Anyone for collective bird names tennis?
REGULAR readers may be shocked to hear that I was recently ‘trolled’ on FaceBook, when I was criticised for putting up a 500-word post about my early days at Bleak House.
Many of you stood my corner, and it turned out to be the catalyst for me to begin my book on Crowden and Longdendale in earnest, and not before time. In the space of three weeks I am currently on 35,000 words.
According to my notebook it was April 24, 1984, and I was having a mooch around the moorland graveyard at St James Chapel; there was always something different to see, not least a little carving here, or a missed name there, and I had brought with me, a wax crayon to try and get a ‘rubbing’ of an Angel on the edge of one of the flat-gravestones.
These stones must have taken some shifting 200 years ago, and most of them are now skew-whiff with heather sprouting from beneath like a natural cushion for their weight. The Angel came out really well, and as I was on my knees, making a green version, a pair of well polished black shoes appeared in front of me; above the shoes, the start of a neatly pressed pair of black trousers, which gave way, as I lifted my head, to a slightly more creased mid-region, and then to an over-long black jacket, a rough pair of hands and thence to a collar and tie, followed by a craggy benevolent face, topped with a massive shock of white hair,. He reminded me of my dad a bit.
At a guess the man was around 70 years old, slightly built, but with a healthy glow to his face, and, I guessed, slightly ill at ease in a suit. You could say he was all trussed up and on his way to a funeral.
“Good morning,” I said, before the stranger replied with an engaging smile. “And the same to you lad, it is a grand morning tha knows, North Easterly gets reet under tha bonnet!”
I explained what I was doing, although it was fairly self-evident, and asked if there was a burial due at St James that morning. “Nae lad, tha canna plant any more in tha, tha knows, it’s full ‘tut brim”, he said, “Thy’d n’er get a babby in.” Charming I thought, but he was probably right, and apart from a hand-full of locals, including Retired waterman Eddie Davies in the early 80s, and his wife Lil sometime later, the graveyard is chocker. I should also give a mention to Bob Blackburn, another waterman whose ashes were scattered around his wife’s memorial near the church door.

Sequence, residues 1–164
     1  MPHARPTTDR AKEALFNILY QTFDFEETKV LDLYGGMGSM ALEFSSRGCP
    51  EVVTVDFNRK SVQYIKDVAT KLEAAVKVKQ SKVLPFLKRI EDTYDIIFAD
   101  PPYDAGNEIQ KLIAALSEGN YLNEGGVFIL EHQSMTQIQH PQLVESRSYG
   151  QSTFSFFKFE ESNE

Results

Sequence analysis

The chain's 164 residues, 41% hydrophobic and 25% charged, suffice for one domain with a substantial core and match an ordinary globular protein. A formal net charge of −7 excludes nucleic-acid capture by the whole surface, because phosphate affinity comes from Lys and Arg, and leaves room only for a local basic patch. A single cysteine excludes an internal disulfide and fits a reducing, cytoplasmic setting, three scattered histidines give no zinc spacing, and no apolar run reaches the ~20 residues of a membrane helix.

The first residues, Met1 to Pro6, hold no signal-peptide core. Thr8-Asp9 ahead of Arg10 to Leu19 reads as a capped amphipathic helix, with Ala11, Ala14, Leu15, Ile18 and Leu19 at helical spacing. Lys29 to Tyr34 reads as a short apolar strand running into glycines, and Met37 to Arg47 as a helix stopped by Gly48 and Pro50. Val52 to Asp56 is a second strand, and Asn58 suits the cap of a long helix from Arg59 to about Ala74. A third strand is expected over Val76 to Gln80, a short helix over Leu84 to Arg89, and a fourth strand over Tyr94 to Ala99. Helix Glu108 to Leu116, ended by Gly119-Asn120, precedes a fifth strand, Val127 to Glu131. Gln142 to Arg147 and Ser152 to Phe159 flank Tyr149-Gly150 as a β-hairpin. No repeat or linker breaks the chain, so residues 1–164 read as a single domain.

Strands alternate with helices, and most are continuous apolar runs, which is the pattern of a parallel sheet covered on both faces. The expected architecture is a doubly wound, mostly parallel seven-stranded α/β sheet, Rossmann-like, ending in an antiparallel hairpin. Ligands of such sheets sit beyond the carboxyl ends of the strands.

Mr Brocklebank, which turned out to be my visitor’s name, chatted away as I was trying to produce the perfect rubbing. He waxed lyrical about skylarks as one particular bird serenaded the pair of us on high; and why wouldn’t he, they are a proper sound of Old England. The collective noun for the skylark, ‘an exultation’, is probably the perfect description, a feeling of triumphant elation, jubilation, a rejoicing. Arthur Brocklebank agreed and proceeded to demonstrate his knowledge of collective nouns for birds.
The kind of game I like. Arthur sat on the stone steps of the Church, while I perched on the edge of the Angel Tomb. “These steps are at the exact same height as the steps on yon Mottram Church tha knows,” said Arthur.
I didn’t question him on that small piece of local folklore as I had heard the story before - it was said that the original wooden church had been built as a ‘Chapel of Ease’ by the landowner, Edwin Shah, 500 years earlier. In other words, he made it easy for ‘them’ to attend services instead of traipsing the six miles to Mottram.
“I think my favourite collective noun, is a ‘Tok of capercaillie,’” I said.
“A what?” laughed Arthur, “what on earth is a capercaillie, it sounds like a dance?”
I explained that it was a large cousin of the Red Grouse, which was only found in the Highlands of Scotland.
“As big as a turkey and they have to launch themselves from a branch and drop a few feet before getting airborne.” I was exaggerating slightly, but they are big rascals.
“Be some eating on that then, not like yon skinny moor cock,” said Arthur. He was referring to the Cock Red Grouse which are found all over the moors at Crowden, and sometimes on the back wall at Bleak House.
“Aye, that’d be a covey of grouse,” said Arthur, resuming the game. “Your turn lad.”
“Okay, how about a ‘bazaar’ of guillemots, and a ‘confusion’ of guinea fowl?” I offered.
To anyone who knows their birds, these two collective nouns are a close second and third to ‘toc’, the former because they crowd together in their thousands on jagged cliff faces, and the latter because guinea fowl, with their fat bodies and peculiar little heads, seem to scatter hither and thither in no particular coherent fashion.
I should point out that if I have got Arthur’s pronunciations wrong, I do apologise and would be delighted to be corrected.
Next week, Arthur Brocklebank’s Great Escape...
St James Chapel
The Laughing Badger Gallery, 99 Platt Street, Padfield, Glossop